Casino Licensing Competition is Fierce in Boston and Hurdles Remain
With Massachusetts gaming regulators set to make a decision as to which companies will – and won’t – be receiving licenses to open Las Vegas-style resort casinos in the state early next year, jockeying among the competing companies has reached a fevered pitch, reports news web site MassLive.com.
The state’s rigorous regulatory process received a healthy dose of attention last week, after Caesars Entertainment was forced to walk away from a partnership agreement it had with East Boston’s historic Suffolk Downs racetrack, where the two companies proposed to build a $1 billion casino property.
Massachusetts gambling regulators are planning to issue one license for a slots only parlor in January, following in April with licenses for the larger resort-style casinos. One will be granted for the Boston area, and another for the Western part of the state.
Caesars felt the blow of stringent guidelines
Last week was a horrible week for Caesars Entertainment, with news surfacing that its Caesars Palace property in Nevada is under investigation by federal authorities on allegations of money-laundering, a fatal shooting occurring last Monday at another company-owed casino Las Vegas, Ballys, and of course, its not-quite-voluntary exit from the East Boston development plan.
Caesars was dropped from that proposal after routine, and apparently quite thorough, background investigations by Massachusetts officials flagged an investor in a redevelopment project that would have seen the old Bill’s Gamblin’ Hall on the Las Vegas Strip transformed into a western outpost of a tony New York hotel, the Gansevoort. That investor is said to have ties to Russian organized crime. Caesars promptly severed ties with the Gansevoort, saying last week that it will announce rebranding plans for Bill’s at a future time.
Suffolk Downs not abandoning project, referendum to move forward as planned
Meanwhile, a previously scheduled public referendum in which East Boston residents will have a chance to have their voices heard with regard to the Suffolk Downs casino plan is still going to be held on November 5, the day that citywide elections are set to take place as Bostonians will head to the polls to select a new mayor as long-serving Mayor Thomas Menino is retiring after twenty years due to ill health.
Under the terms of Massachusetts’ casino expansion law, passed back in 2011, municipalities must approve a so-called host agreement, which addresses issues relating to the construction and operation of a new casino, like potential for increased crime and traffic, tax rates, and carves out provisions to deal with problem gambling.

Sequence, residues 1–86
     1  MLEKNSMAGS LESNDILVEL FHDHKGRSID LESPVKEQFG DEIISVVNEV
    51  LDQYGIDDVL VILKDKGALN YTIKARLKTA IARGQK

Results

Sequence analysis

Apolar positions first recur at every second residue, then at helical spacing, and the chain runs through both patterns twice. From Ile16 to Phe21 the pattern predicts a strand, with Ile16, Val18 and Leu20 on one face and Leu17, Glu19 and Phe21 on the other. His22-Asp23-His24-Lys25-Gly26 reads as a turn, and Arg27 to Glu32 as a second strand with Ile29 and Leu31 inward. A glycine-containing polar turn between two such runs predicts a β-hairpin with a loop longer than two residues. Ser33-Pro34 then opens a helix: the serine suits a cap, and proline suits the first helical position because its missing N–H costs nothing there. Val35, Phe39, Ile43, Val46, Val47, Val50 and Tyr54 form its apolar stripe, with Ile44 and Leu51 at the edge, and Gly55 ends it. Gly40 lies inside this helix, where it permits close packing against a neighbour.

In addition to proceeding with the public vote, Suffolk Downs says that it will seek out a new casino partner, something it must do before it can be cleared by state regulators.
Speaking to the fact that Massachusetts isn’t afraid to deny licensing applications to well-established casino companies like Caesars that operate in many states across the nation, Massachusetts Gaming Commission head Stephen P. Crosby said last week, “I think people have understood that this is a methodical, complicated process, more rigorous at every level — local control, background checks, everything — more rigorous at every level than any other jurisdiction in the United States.”
For what its worth, both Caesars and representatives of the Gansevoort Hotel remarked last week that it took issue with the Gaming Commission’s findings, saying that it believed the state was being far too restrictive in its process.
Wynn, also vying for Boston permit, has yet to undergo background checks
Though Steve Wynn is also in the race to gain the sole Boston-area casino license, in the aftermath of the unravelling of Caesars’ plans for Massachusetts, he too said that the state’s gaming officials seemed to be setting the bar too high.
Background checks on Wynn have yet to be completed, this according to MassLive.com. If approved, the company intends to build a $1.2 billion resort whose design echoes that of the Wynn property in the Asian gaming mecca Macau. Incidentally, Massachusetts regulators said they will be closely looking into Wynn’s Macau business dealings as part of their background investigation into the company.
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